Thursday Doors: Zen Garden

the entrance is an enso  a glowing blue light
a form that contains nothing  inside of the whole
spirit absorbed by essence  emptied of ego
in silent simplicity  opening, complete

My younger daughter took a few days off from work before Memorial Day, and one of her requests was that I take her as my guest to early morning member hours at the Metropolitan Museum of Art, which are on Thursdays from 9-10 am. I had told her and her sister about visiting the Winslow Homer exhibit that way.

One of her favorite places in the museum is the Zen Garden. It wasn’t open in the early hour, but even after the museum opened to the public at 10, we were able to visit without any crowding–it’s tucked away among the Asian art, and if you don’t know where to look, you probably only discover it by stumbling upon it. It’s a bright open empty room with a rocks and a koi pond with a waterfall on the edges.

I used to post about my museum visits a lot, and perhaps in the future I’ll do a post on the Homer exhibit and also the paintings of Louise Bourgeois which were inexplicably hard to find. We asked directions three times, and only found it by accident in the end. But that meant that only one other person was there so we could really look at the art.

The museum also has many wonderful doors and door-like structures, such as the tiled niche above.

My poem is in the Japanese imayo form, which consists of four 7/5 syllabic lines. There is a planned caesura (or pause) between the first 7 syllables and the final 5. Another feature of this form is that it makes three poems–the whole, and one each with the 7-syllable lines and the 5-syllable lines, similar to a cleave poem, except that somehow it seemed more natural to me and easier to construct. I’ve included the color blue for Colleen’s Tanka Tuesday #tastetherainbow prompt.

You can read more about the enso here.

And, as always, find more doors with host Dan Antion, here.

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About memadtwo

For more madness, follow me on Instagram @h_zimel methodtwomadness is a blog of two friends, Nina and Kerfe kblog is Kerfe's solo branch on the tree

47 responses to “Thursday Doors: Zen Garden”

  1. David Linebarger says :

    I’ve taught the mihrab you showed many times. A beautiful work.

    Liked by 2 people

  2. alethakuschan says :

    It’s fun to think about the spaciousness available in words and between words.

    Liked by 2 people

  3. merrildsmith says :

    Beautiful place and poem.

    There’s a similar area at the Philadelphia Museum of Art–the Asian galleries were all re-done a few years ago.

    Liked by 2 people

  4. Dan Antion says :

    These are beautiful photos. I like the poem. Thanks for explaining the form. I haven’t been to this museum since 2002. I think it’s time to visit again.

    Liked by 2 people

  5. Colleen Chesebro: WordCraftPoetry says :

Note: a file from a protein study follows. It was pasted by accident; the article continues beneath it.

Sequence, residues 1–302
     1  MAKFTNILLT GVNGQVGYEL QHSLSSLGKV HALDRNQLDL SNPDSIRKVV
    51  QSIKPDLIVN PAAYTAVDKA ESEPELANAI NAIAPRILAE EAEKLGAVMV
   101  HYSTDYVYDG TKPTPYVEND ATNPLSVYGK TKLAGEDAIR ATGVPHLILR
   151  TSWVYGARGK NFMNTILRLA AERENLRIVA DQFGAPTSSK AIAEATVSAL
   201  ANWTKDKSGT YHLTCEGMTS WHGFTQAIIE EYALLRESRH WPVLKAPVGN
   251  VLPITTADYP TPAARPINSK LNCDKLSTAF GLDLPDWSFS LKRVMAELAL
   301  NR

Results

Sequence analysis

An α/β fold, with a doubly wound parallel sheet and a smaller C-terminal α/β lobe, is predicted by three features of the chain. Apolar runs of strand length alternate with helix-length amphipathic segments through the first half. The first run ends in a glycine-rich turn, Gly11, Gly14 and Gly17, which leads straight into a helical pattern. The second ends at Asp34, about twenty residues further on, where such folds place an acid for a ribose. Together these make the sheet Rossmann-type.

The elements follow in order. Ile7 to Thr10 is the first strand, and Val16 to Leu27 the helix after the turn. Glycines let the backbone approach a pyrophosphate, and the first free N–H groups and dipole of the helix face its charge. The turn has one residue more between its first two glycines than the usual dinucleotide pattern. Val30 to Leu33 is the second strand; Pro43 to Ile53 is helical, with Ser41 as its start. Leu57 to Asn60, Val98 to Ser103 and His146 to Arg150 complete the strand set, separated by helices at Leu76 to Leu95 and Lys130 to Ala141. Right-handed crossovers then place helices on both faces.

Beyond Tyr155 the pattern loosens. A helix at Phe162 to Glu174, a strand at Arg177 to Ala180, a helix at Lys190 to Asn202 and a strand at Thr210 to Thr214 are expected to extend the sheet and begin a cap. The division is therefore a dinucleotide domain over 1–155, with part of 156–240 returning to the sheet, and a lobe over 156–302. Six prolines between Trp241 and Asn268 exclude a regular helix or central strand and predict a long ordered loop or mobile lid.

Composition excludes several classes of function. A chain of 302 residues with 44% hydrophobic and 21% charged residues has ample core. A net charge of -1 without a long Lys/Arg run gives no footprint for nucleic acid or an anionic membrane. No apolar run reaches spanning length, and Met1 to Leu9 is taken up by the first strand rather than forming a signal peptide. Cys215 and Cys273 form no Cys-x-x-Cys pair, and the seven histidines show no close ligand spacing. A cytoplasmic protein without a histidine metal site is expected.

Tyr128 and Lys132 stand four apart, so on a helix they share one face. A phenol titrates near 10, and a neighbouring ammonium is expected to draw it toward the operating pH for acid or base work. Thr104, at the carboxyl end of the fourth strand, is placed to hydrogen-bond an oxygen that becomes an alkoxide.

Oh this was a stunning poem, Kerfe. I love the impermanence of your words… very Zen. These gardens are so lovely and peaceful. I could get lost in my own little world in there. ❤

    Liked by 2 people

  6. boundlessblessingsblog says :

    Wonderful pictures of the Art Gallery. Awesome post Marta 😊

    Liked by 1 person

  7. msjadeli says :

    Kerfe, I wonder if they make the exhibits hard to find so only the persistent can enjoy them? Glad you found what you were looking for and then sharing pics. I love the poem(s) you created with the form. So lovely.

    Liked by 2 people

  8. sustainabilitea says :

    I’d enjoy the Zen garden too and I like that last tiled niche a lot.


    Liked by 2 people

  9. Smitha V says :

    The poem is profound and describes the photograph beautifully. I found the form interesting and it sounded complicated until I read your poem. Thank you for sharing it. The tiled nice door is very similar to a door I saw in a palace in Rajasthan, influenced by the Mughal rule in India.

    Liked by 2 people

  10. Jill Kuhn says :

    The Zen garden looks so peaceful… how special for you to have time with your daughter I would imagine.

    Liked by 2 people

  11. Ingrid says :

    The Zen Garden looks like a healing and relaxing space – I would love to be there now! Winslow Homer spent some time in Cullercoats on the North East coast of England, not far from where I live.

    Liked by 2 people

  12. D. Wallace Peach says :

    That looks like a wonderfully peaceful place to visit, Kerfe. I love museums and could spend hours and hours in their quiet aura. That was a new poetic form for me. Wonderfully written. A beautiful post.

    Liked by 2 people

  13. Valentina says :

    Orientals are masters in the creation of emptiness.

    Liked by 2 people

  14. robertawrites235681907 says :

    HI Kerfe, I love everything about this post. The doors are lovely and the poem and Zen garden amazing. Have a wonderful weekend.

    Liked by 2 people

  15. Sun Hesper Jansen says :

    So cool for a museum to incorporate living/elemental art in with the more static forms. And I love the imayo. I discover more poetry forms through you than anyone else, you know? There are just so many that I’m grateful to you for cherry-picking! 😉

    Liked by 2 people

  16. Smorgasbord - Variety is the Spice of Life. says :

    Love the form Kerfe and new to me so thank you for explaining it. What an amazing museum thank you for sharing that too.. Sally x

    Liked by 2 people

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  1. Far Away Zen Garden – Aletha Kuschan's Weblog - June 10, 2022

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